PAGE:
Today, Google made major waves in the cryptography world, announcing a public collision in the SHA-1 algorithm. It’s a deathblow to what was once one of the most popular algorithms in cryptography, and a crisis for anyone still using the function. The good news is, almost no one is still using SHA-1, so you don’t need to rush out and install any patches. But today’s announcement is still a major power play from Google, with real implications for web security overall.
Like most cryptography, it can get a little complicated, so it’s probably best to start from the very beginning…
What just happened?
Google publicly broke one of the major algorithms in web encryption, called SHA-1. The company’s researchers showed that with enough computing power — roughly 110 years of computing from a single GPU — you can produce a collision, effectively breaking the algorithm. We’ve known this was possible for a while, but nobody has done it, in part because of the possible fallout.
In accordance with its disclosure policy, Google is waiting 90 days to say exactly how they did it — but once the proof-of-concept is out, anyone with enough computing power will be able to produce a SHA-1 collision, rendering the algorithm both insecure and obsolete.
It’s hard to say if Google’s researchers are the first people to do this (<cough> NSA <cough>), but they’re the first ones to talk about it, which has major implications for anyone still using SHA-1.
What does SHA-1 actually do?
SHA-1 is a hashing function, which encryption systems use to produce a digital fingerprint from a given file. That lets you verify a file’s integrity without exposing the entire file, simply by checking the hash. If the hash function is working properly, each file will produce a unique hash — so if the hashes match, the files themselves will also match. That’s particularly important for login systems, which need to verify that a password is correct without exposing the password itself.
What’s a collision and why does it matter?
A collision is what happens when a hashing function breaks, and two files produce the same hash. That could allow an attacker to smuggle in a malicious file because it shares its hash with a legitimate file. As proof-of-concept for today’s announcement, Google published two PDF files that, run through SHA-1, produce the same hash.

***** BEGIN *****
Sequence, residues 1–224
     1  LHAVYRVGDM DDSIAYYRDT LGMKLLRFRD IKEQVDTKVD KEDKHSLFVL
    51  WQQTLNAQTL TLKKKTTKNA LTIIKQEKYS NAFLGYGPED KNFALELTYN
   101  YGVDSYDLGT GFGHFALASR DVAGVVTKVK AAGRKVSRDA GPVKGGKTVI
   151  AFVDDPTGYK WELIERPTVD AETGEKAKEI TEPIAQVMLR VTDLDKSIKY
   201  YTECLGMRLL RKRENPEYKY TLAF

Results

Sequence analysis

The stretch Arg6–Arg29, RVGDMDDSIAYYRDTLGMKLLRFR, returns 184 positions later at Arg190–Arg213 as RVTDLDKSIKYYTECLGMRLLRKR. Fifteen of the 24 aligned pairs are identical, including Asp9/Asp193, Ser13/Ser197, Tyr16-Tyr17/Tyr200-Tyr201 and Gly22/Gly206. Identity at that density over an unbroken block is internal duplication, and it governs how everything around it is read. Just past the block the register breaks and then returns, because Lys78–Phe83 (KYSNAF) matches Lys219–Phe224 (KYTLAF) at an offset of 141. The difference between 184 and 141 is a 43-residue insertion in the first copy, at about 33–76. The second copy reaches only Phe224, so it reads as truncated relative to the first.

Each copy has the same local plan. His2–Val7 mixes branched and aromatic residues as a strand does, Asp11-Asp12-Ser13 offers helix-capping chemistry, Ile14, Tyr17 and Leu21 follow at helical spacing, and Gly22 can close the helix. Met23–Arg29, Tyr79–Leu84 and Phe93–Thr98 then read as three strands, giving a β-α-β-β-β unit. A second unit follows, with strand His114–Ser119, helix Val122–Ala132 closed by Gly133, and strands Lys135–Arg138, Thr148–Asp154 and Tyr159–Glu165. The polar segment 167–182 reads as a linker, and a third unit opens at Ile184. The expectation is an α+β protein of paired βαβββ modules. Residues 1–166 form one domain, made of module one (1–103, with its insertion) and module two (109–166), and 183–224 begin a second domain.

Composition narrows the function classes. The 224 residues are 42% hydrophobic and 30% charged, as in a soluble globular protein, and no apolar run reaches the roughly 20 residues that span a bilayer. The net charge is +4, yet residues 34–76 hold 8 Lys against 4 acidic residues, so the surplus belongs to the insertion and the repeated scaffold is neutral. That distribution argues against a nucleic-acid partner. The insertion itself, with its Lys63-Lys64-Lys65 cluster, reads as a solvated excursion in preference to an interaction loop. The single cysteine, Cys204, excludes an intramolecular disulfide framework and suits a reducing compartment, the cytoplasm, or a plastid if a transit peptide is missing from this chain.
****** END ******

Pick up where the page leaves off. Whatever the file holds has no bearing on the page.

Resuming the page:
In practical terms, a broken hash function could be used to break HTTPS, the encryption system that now protects more than half the web. You can learn more about that system from the podcast below (there’s a whole pie-ribbon-curse metaphor; it’s great), but the gist is that it guarantees that the content you see at Wikipedia.com is really coming from Wikipedia and hasn’t been tampered with along the way. If that system breaks, it would be easy for criminals to insert malware into web traffic from a compromised ISP or other network provider.
Should I be worried?
Unless you make a habit of clicking through those scary red screens, you’ll be fine. Cryptographers have been predicting a collision like this for years, making ever more specific predictions about how you’d produce one and how much computing power it would take. This is the first time anyone’s burned the server time to actually do it, but we’ve known something like this was possible for a while.
As a result, we’ve been moving away from SHA-1 for years. As recently as 2014 it was being used for as much as 90 percent of the encryption on the web, but it’s been mostly abandoned in the years since. As of January 1st, every major browser will show you a big red warning when you visit a site secured by SHA-1. It’s hard to say how many of those sites are left, but anyone with a halfway decent certificate provider is already safe.
SHA-1 is still used in a couple places outside web encryption — particularly Git repositories — but given how long the algorithm has been deprecated, the broader impact shouldn’t be that widespread.
Why did Google do this?
The short version is, they wanted to win the argument. Dropping SHA-1 took a lot of time and effort across the industry, and not everyone was eager to do it. The result has been a running fight over how fast make the switch — with Google’s Chrome Security Team providing one of the loudest voices for a faster transition. Chrome was forcing websites away from SHA-1 as early as 2014, long before other browsers started cracking down. Firefox caught on fairly quickly, too, with Microsoft’s Edge and IE bringing up the rear.
Chrome’s early moves caused a lot of grief among certificate providers — but now that there’s a proof-of-concept collision out there, the Chrome Security Team looks pretty smart. If we’d listened to the slowpokes, this collision could have been a major problem! Instead, the industry moved fast, everyone’s safe, and we have to write blog posts to explain why it matters at all.
In a broader sense, this is a fight about how secure the web needs to be. If you’re making smartphones or selling apps, you might not think it’s worth it to force the entire web off of a shaky algorithm. What does it matter if a few janky websites are slow to make the switch? But Google still a web advertising company, and that means any breakdown in web security is an existential threat. Whenever an algorithm like SHA-1 breaks, ad networks are among the first to be targeted, so Google’s heavily invested in making sure those encryption systems work. And since Google’s ads are served across the entire web, they need to make sure everyone’s on board. Sometimes that means cracking a few heads!
So while it might seem like a mathematical curiosity, this is really a victory lap for Google — and one they paid quite a bit of money for. People have been saying SHA-1 was shaky for years, and now we all know they were right. Luckily, we all listened to the crypto folks, and nothing too serious got broken. You’re welcome.